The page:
When it comes down to it, though, Maggie may prove to be the better leader, politically speaking.
“Maggie is different. [She is] a future political leader, somebody that could run things. She’s industrious, she’s loyal, she’s respected on principal,” he said.
Rick, on the other hand, doesn’t desire power so much as he desires peace.
“He wants peace, he wants the future — because he had a taste of it, and then this goddamned Negan guy showed up,” Lincoln said.
Season 8 marks actress Katelyn Nacon’s first outing as a series regular. While members of the press expressed an interest in learning more about her background — Nacon, for one, said that’s a great idea — the main arc for her this season will be about her growth from a teenager to a grown woman.
“When we first saw her, she was kind of like this angsty teenager, kind of closed off, had walls up around her. But now, we’re seeing her become a stronger warrior,” Nacon said. “She’s fighting, she’s trying to implement herself into the community. I’d like, that one day we will learn more about her past, because there’s a lot that we don’t know, there’s a lot that I still don’t really know.”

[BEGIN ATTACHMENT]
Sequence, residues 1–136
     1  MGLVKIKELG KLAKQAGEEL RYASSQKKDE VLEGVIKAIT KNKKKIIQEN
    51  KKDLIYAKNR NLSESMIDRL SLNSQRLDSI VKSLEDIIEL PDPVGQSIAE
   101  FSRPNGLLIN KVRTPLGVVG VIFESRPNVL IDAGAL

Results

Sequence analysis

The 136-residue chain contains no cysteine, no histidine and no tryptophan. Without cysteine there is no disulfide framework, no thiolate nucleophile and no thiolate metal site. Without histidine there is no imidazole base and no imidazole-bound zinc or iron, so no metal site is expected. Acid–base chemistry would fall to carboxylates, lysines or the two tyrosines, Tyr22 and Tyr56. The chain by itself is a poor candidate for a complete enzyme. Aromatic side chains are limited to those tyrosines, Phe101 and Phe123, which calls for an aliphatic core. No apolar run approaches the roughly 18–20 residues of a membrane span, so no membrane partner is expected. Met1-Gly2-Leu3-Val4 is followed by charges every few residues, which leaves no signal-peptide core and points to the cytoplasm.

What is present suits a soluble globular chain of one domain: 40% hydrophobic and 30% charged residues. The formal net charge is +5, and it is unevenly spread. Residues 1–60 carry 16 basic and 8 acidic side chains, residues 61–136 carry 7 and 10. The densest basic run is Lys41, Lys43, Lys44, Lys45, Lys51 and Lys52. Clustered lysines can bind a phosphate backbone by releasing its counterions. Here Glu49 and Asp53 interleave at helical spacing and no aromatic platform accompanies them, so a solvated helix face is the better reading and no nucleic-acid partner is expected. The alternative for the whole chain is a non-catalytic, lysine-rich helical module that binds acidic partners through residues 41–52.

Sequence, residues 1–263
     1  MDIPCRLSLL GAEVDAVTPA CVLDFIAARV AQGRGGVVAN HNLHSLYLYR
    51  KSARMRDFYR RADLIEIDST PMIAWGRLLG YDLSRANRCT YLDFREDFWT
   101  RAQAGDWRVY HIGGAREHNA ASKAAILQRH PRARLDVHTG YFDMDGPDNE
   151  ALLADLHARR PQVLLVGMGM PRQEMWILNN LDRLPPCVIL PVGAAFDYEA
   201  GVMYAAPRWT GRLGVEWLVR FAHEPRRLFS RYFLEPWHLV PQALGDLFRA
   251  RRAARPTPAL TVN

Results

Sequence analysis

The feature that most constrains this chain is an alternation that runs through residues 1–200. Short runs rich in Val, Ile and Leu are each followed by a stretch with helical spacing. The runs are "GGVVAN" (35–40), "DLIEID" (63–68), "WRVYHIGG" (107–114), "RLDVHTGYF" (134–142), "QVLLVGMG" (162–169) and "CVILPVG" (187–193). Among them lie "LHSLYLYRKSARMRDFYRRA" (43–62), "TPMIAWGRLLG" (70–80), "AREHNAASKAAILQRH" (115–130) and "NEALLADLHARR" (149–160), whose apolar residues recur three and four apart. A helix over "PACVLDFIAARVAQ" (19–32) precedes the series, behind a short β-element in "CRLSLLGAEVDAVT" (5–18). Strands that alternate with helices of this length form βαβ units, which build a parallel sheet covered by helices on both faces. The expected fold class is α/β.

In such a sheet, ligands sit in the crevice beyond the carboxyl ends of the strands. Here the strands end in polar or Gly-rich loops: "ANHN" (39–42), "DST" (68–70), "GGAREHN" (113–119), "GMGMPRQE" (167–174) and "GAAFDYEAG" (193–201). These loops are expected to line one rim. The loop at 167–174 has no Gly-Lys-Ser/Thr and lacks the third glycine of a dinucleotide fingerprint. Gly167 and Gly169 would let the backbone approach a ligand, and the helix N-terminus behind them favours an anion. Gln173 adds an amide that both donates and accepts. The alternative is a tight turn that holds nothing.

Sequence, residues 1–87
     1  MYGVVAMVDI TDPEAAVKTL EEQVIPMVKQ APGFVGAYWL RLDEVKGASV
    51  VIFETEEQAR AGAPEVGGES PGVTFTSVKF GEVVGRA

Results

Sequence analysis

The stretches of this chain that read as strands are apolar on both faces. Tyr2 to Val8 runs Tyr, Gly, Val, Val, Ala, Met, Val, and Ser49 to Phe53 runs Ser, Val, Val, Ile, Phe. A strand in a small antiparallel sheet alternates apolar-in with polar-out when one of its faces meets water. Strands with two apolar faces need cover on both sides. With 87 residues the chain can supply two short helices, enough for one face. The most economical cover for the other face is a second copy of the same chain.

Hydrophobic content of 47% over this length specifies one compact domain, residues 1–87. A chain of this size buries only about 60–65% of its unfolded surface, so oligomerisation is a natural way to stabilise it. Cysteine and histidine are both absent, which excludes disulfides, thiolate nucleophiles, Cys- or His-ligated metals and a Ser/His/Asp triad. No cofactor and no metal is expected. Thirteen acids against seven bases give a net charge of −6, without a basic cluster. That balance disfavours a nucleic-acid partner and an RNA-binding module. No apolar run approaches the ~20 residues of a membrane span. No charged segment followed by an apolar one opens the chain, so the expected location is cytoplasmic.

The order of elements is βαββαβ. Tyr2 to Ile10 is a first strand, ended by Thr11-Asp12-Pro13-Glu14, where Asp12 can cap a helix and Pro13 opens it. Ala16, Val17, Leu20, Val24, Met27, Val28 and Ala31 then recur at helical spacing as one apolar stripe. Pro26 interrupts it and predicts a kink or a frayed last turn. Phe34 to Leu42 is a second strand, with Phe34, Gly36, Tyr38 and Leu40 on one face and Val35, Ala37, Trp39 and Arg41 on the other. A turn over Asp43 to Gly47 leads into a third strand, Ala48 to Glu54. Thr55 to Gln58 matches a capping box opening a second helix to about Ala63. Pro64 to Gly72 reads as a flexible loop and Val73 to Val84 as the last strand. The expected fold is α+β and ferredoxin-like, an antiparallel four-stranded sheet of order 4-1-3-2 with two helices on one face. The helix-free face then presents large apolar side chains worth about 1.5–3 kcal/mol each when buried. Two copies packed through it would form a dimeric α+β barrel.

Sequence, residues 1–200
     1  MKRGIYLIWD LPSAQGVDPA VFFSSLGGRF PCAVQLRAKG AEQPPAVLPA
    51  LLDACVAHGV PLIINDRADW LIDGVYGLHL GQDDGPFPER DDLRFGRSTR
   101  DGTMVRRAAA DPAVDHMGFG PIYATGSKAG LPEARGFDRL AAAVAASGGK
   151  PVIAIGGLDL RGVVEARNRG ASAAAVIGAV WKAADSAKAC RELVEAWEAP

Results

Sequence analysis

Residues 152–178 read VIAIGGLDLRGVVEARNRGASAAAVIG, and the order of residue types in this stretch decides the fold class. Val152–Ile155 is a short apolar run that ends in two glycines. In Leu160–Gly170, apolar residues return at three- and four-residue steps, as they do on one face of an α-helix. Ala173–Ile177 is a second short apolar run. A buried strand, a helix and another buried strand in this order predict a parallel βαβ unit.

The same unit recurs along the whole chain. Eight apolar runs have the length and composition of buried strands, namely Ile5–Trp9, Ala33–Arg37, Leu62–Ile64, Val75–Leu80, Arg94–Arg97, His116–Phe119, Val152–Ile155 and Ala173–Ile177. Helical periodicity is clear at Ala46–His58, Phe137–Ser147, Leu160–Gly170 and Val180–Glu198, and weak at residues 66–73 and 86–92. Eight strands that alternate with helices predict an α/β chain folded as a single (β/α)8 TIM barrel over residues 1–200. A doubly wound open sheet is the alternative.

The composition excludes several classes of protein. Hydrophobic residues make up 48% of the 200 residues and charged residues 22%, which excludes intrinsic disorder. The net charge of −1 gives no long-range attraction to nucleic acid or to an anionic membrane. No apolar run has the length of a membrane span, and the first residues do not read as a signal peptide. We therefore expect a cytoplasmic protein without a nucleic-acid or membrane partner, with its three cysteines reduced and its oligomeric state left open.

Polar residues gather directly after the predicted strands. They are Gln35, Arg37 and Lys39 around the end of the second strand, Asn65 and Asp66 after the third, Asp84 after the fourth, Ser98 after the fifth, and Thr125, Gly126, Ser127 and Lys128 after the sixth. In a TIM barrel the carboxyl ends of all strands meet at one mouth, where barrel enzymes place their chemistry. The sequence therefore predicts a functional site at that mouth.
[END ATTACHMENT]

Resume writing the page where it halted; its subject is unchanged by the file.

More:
After a full season 7 of Carol (Melissa McBride) struggling with various moral conflicts, she’s now ready for the war Negan brought to her doorstep.
“We’ll see her fight, but she has to. It doesn’t mean she wants to,” McBride told reporters.
Teasing whether or not Carol and Negan will ever share the screen, Morgan quipped: “You could come and make cookies over here anytime.”
Kirkman and his Skybound Entertainment recently signed on the dotted line with Amazon Studios for a lofty Prime Video production deal. While it marks his departure from AMC, he told the press room that it also marks his departure from the world of the undead.
“I’ve done plenty with zombies,” he said. “That deal doesn’t preclude me from continuing to work on Walking Dead and Fear of the Walking Dead, as well. I definitely wouldn’t say I’ve had my fill, because I’m very much looking forward to Walking Dead and Fear the Walking Dead continuing for at least 30 or 40 seasons each.”
The Walking Dead premieres October 22 at 9 p.m. on AMC.